Future-proof: The next 10 years of live
Futurist, author, and film-maker Gerd Leonhard has shared his vision for the next decade and what it means for the live music business.
Now CEO of Zürich-based The Futures Agency, Leonhard was a stagehand on several German tours in the early ’80s and is also a professional musician.
In a twist to ILMC’s traditional Hot Seat session, he offered his observations and foresights on the future of the touring and festival worlds in a unique keynote.
“First, it doesn’t pay for us to look at the future with fear – no matter what country you live in, or how old you are – because when you look at the future with pessimism, you create pessimism,” Leonhard told delegates at London’s Royal Lancaster Hotel. “It’s very important not to always look at the bad things, because the reality is actually that a lot of things have been getting better and are getting better.”
Leonhard, who has authored five books including The Future of Music and Technology vs Humanity, mulled over the use of augmented reality (AR) by festivals such as Coachella, which launched an AR-enabled stage in 2019 and has added real-time 3D visuals to performances for those watching on its YouTube livestream.
“I can guarantee you a company that’s not on the circular route by 2030 will not exist or will be utterly discarded by consumers”
“[Coachella innovation lead] Sam Schoonover says that, basically, it doesn’t make sense to just recreate the live music experience,” said Leonhard. “Instead, we should give people something goes beyond the live experience. That could be really powerful. Personally, I would still love to go [IRL] beyond all of those things, but there is a really interesting angle in here.”
Leonhard went on to discuss the limitations of attempting to replicate the wildly successful ABBA Voyage virtual concert residency, which debuted at the 3,000-cap ‘ABBA Arena’ at London’s Queen Elizabeth Olympic Park in May 2022.
“That only works if you’re ABBA,” he said, “otherwise, who would be interested? But it’s still pretty cool that we can do this now using technology. But, of course, if you have a lesser known band, good luck trying to do something like this.”
Leonhard said “sustainability and purpose” will be increasingly crucial to attracting millennials and zillennials to events in the 2020s.
“I can guarantee you a company that’s not on the circular route by 2030 will not exist or will be utterly discarded by consumers,” he said. “It’s already got to the point where all people are saying if you have any connection to oil and gas, you’re almost like a criminal.”
“You should expect the biggest revolution in the live music business from somebody who’s not currently a player in the live music business”
He continued: “You should expect the biggest revolution in the live music business from somebody who’s not currently a player in the live music business, because this is what happens. The pharma industry will be redone by Apple and Google and Amazon, the car industry has been redone by Elon Musk, not BMW. And the airline industry will be done by somebody who’s working on a hydrogen plane.”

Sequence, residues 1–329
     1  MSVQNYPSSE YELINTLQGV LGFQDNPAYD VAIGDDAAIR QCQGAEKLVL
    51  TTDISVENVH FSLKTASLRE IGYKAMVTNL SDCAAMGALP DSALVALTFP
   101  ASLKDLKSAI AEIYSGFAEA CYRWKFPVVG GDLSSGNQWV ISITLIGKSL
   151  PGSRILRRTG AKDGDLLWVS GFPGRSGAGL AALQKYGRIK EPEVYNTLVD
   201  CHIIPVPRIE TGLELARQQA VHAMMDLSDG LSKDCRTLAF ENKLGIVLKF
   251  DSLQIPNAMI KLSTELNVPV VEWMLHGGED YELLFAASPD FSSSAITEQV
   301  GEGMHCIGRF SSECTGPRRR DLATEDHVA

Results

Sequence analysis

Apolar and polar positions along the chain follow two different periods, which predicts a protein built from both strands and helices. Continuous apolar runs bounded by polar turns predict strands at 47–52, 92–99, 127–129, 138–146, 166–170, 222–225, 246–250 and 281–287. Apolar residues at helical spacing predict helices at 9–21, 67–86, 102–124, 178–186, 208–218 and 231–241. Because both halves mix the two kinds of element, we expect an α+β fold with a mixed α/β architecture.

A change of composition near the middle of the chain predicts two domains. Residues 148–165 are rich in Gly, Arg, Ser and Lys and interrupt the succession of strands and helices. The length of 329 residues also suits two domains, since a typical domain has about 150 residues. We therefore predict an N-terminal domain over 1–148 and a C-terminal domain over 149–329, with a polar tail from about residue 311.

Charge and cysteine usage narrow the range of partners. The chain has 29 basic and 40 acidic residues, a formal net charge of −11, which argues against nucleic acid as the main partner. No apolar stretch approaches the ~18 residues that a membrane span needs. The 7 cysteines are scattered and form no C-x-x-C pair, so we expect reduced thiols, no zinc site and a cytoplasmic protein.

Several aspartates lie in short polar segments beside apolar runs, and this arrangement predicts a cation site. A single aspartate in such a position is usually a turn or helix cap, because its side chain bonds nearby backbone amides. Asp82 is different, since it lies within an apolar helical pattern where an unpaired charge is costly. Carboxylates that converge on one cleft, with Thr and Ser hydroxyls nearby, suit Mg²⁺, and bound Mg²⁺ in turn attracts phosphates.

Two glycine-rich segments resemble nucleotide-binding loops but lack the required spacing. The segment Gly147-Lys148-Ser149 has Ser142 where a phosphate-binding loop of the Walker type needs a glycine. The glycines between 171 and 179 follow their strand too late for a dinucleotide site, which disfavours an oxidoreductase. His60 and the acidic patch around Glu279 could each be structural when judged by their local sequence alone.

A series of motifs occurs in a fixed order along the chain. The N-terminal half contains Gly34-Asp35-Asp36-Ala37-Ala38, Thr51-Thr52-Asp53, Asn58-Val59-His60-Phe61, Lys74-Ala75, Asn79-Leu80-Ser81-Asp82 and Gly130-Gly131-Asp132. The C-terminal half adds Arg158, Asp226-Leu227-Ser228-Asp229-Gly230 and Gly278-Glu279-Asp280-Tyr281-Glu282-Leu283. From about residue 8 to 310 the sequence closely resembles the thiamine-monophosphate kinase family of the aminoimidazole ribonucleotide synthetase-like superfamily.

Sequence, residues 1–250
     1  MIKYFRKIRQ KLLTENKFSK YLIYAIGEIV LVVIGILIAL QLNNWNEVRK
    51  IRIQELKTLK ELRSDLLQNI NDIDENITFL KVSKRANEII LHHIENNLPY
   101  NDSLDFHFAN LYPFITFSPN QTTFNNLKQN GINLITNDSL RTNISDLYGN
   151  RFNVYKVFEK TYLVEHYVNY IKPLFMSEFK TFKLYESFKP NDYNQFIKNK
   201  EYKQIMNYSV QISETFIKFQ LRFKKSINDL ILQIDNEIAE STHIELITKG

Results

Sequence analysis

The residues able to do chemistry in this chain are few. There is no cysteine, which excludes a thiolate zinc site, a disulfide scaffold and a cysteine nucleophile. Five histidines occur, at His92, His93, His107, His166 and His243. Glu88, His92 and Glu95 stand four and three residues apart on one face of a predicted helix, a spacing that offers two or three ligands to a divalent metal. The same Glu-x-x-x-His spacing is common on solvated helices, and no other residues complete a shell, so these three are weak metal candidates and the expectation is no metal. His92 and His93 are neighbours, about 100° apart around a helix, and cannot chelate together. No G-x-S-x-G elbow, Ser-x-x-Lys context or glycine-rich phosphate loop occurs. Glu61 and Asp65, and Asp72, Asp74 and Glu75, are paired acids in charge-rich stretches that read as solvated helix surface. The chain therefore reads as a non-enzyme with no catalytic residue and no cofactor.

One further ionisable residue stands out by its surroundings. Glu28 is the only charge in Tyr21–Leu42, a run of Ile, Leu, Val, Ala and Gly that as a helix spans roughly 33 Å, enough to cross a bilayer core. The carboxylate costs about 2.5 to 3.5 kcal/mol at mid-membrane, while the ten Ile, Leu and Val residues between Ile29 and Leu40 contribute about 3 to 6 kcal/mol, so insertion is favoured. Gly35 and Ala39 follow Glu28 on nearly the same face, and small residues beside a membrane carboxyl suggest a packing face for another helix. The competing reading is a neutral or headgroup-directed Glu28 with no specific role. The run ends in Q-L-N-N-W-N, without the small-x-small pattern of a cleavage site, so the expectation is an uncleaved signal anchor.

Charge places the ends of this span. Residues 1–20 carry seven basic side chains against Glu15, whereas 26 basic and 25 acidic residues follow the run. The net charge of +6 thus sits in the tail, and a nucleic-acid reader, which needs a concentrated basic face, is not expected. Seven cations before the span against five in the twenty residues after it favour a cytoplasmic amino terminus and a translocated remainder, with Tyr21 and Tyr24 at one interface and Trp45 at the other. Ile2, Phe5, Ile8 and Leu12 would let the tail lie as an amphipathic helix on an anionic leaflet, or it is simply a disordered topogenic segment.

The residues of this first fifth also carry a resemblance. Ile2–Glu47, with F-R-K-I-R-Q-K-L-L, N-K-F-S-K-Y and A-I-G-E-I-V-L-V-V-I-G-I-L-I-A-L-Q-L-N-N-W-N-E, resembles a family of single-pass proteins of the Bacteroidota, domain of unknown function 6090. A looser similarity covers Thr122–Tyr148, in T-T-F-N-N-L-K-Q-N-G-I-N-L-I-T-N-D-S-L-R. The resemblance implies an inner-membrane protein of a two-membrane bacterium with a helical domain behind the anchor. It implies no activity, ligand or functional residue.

Responding to a question from the audience regarding the viability of a sustainable festival model, Leonhard suggested small steps were the way forward.
“The best hotels around the world are starting to outlaw plastic, for example,” he said. “That’s a tiny step, right. But they do 100 of those steps. And I think there are many things they can do. For example, build in a carbon offsetting programme into the travel and the ticket.
“Think about this for a second: the top 10% of people who have money… are actually causing 80% of the CO2. It’s not the poor people who cause the CO2, it’s us. So we should have a mechanism of putting something on the ticket saying, ‘You can tick this box that will give you options to make another payment for carbon offsetting.’ Or you can say, when you come to the festival, afterwards, you will do something to make up for what you’ve done there, like some volunteering work or whatever it could be. I think that’s going to be vastly important.”
“The other thing that has me worried is having so much technology around us that we forget who we are”
He continued: “I think you would get actually more people to buy tickets if you offer these solutions and actually go in the right direction. It’s hard to say how long that will take until it’s financially beneficial, I don’t know. But let’s make no mistake, this is the number one topic. Right after the war ends, this topic will explode. So you’ve got to go along with it.”
Wrapping up, Leonhard outlined his two main concerns for the future.
“The biggest wildcard we have today is Russia,” he said. “That is the only thing I’m really worried about. Because everybody else, I can get a bit of a read on what’s happening. But with Russia, I’ve been there 30 times and I still don’t get it, so that has me worried.
“The other thing that has me worried is having so much technology around us that we forget who we are. For example, using Chat GPT to get an answer on complicated things like, ‘Should I marry this woman or that woman?’ Or, ‘What’s my career choice?’ People do those kinds of things and they think the machine is right. We trust technology too much.”
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